Northern Michigan must manage its waters to keep them clean and exceptional, according to scientists and watershed experts who recently met with local government officials at Camp Hayo-Went-Ha in Central Lake.
Community watershed plans should guide businesses and individuals to minimize pollution of lakes and rivers, according to speakers at the seminar, which was moderated by Haley Breniser, Executive Director of The Grass River Natural Area.
How Do Watershed Plans Help Clean Water?
“Watershed plans should address stormwater which does not soak into the ground,” explained the first speaker, Grenetta Thomassey of The Tip of the Mitt Watershed Council.
This excess stormwater is a primary cause of nonpoint source water pollution (NPS), which is defined as “pollution from many diffuse sources.”
Keeping driveways and road surfaces unpaved is helpful for stormwater management, as impervious surfaces do not allow rain to soak and infiltrate into the ground.
In addition, plants and trees are beneficial to watersheds since they help filter water. In fact, planting a natural buffer on the shoreline is the best way to help the watershed. Using rain barrels and rain gardens is also beneficial.
Dumping chemicals down storm drains, and using road salt, fertilizers and pesticides are all activities harmful to watersheds.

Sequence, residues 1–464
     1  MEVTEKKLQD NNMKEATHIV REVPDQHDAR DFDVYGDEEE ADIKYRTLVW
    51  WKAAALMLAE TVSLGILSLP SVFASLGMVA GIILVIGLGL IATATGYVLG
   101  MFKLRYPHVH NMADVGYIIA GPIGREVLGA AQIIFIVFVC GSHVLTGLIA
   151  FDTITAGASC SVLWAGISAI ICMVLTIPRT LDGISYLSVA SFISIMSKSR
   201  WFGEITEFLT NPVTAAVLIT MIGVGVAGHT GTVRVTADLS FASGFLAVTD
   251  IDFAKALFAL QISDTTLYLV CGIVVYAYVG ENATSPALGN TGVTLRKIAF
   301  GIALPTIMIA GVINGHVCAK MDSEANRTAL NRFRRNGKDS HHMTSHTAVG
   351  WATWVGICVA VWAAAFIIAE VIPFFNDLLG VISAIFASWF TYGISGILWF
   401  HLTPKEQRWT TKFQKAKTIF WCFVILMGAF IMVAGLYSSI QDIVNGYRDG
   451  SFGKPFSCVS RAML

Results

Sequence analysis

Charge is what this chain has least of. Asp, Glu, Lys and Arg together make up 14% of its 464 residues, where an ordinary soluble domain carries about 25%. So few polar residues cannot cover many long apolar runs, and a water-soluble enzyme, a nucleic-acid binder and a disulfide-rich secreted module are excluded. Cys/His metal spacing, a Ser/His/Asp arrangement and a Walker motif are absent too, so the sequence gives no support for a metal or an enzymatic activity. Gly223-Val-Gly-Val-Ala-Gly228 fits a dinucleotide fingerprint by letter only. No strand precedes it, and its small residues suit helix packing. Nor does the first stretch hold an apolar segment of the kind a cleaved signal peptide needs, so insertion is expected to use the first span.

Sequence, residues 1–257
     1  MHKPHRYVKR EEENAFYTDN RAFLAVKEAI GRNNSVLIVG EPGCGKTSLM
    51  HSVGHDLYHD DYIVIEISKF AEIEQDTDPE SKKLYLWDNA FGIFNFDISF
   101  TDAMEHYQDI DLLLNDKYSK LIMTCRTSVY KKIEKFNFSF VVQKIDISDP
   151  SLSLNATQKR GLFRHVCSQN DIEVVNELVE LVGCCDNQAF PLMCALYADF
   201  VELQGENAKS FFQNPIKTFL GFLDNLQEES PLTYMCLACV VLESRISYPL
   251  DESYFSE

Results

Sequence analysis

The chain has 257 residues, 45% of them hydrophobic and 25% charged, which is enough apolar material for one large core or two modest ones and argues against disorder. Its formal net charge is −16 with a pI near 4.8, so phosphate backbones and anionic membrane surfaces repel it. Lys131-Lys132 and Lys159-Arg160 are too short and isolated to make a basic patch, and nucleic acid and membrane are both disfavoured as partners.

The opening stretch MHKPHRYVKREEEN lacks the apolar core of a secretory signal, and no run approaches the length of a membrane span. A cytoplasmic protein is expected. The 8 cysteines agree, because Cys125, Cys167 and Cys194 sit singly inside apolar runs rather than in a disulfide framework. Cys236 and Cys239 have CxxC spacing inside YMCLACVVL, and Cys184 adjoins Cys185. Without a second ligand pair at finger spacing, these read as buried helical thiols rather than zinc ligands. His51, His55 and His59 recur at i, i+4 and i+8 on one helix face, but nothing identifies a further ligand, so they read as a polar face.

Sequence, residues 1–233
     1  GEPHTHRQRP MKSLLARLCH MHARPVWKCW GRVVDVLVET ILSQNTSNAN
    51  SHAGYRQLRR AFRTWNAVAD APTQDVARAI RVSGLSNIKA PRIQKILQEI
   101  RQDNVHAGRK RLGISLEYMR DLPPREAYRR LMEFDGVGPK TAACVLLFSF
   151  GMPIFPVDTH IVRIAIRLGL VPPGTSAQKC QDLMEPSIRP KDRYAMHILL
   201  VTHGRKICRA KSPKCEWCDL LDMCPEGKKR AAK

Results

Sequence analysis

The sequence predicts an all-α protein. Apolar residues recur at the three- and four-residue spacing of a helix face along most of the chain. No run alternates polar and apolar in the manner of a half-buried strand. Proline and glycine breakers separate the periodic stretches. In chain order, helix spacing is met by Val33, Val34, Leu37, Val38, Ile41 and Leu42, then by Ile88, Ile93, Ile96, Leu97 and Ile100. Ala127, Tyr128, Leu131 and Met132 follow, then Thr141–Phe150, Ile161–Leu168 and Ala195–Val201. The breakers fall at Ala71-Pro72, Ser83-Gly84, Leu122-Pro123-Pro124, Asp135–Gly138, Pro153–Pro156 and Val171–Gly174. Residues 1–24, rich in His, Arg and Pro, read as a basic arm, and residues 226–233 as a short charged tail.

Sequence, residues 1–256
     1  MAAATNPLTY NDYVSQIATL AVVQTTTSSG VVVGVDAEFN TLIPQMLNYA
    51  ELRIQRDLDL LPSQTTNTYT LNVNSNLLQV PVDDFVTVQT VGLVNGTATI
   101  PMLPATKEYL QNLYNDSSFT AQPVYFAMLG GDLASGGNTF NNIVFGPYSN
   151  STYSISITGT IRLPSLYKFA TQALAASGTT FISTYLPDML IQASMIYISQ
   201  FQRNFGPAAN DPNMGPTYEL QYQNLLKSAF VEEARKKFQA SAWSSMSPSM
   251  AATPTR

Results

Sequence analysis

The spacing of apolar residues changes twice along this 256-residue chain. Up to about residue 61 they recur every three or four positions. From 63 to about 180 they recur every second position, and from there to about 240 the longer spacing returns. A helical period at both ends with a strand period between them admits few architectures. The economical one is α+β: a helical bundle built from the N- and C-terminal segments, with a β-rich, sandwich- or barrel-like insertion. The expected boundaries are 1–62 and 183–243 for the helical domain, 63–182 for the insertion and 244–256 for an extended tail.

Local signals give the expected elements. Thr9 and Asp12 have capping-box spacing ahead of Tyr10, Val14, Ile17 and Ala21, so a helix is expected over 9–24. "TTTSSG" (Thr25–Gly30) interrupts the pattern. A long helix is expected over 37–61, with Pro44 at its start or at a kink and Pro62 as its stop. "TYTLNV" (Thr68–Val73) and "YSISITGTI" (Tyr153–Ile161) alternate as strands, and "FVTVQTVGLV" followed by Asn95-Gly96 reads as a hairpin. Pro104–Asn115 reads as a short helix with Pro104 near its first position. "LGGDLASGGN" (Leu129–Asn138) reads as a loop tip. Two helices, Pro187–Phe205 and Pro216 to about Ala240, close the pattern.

What is Happening with Local Watersheds?
There are many local groups working to keep area waters healthy. After all, the Elk River Chain of Lakes Watershed is the largest of the nine subwatersheds in the Grand Traverse Bay Watershed.
“The Elk River Chain of Lakes Subwatershed consists of 500 square miles, 14 lakes and rivers, and 138 miles of designated trout streams,” stated Sarah U’Ren of The Watershed Center – Grand Traverse Bay.
One project that is improving water quality is The Grass River Large Woody Debris Project, which is an experiment to determine if placement of logs may improve the river by reducing sediment buildup. Details of how this project will affect water levels were discussed by Mark Stone, Antrim County Operator of Dams and Drain Commissioner. Stone’s job was recently restructured so that he could better deal with increasing concerns of water levels and quality.
There have also been many recent changes in laws and permits related to watersheds and soil erosion, according to Heidi Shaffer of The Antrim Conservation District. “Hopefully, government attitude should not be about stopping development,” said Shaffer. “It should be about helping people figure out what they can do without hurting the environment.”
In addition, a project team in Milton Township is studying erosion and determining maintenance priorities for road ends and public access sites. This ongoing project was outlined by Chris Weinzapfel, Milton Township Zoning Administrator.
Fish Shelter Project
The Elk River Chain of Lakes Fish Shelters Project was the final topic of the day.
“Volunteers from the area lake associations have helped place natural fish habitats in 82 spots spread between five lakes,” explained Dean Branson of the Three Lakes Association. These lakes are Intermediate Lake, Clam Lake, Torch Lake, Elk Lake and Lake Bellaire.
Shelters made of hardwood slab trees have attracted big fish, according to Branson. The shelters made of hardwood crates filled with natural brush have shown to be the most effective for all fish. The GPS coordinates for these fish shelters can be found on the Three Lakes Association website.
Author’s note: The article above was previously published in the Antrim Review.
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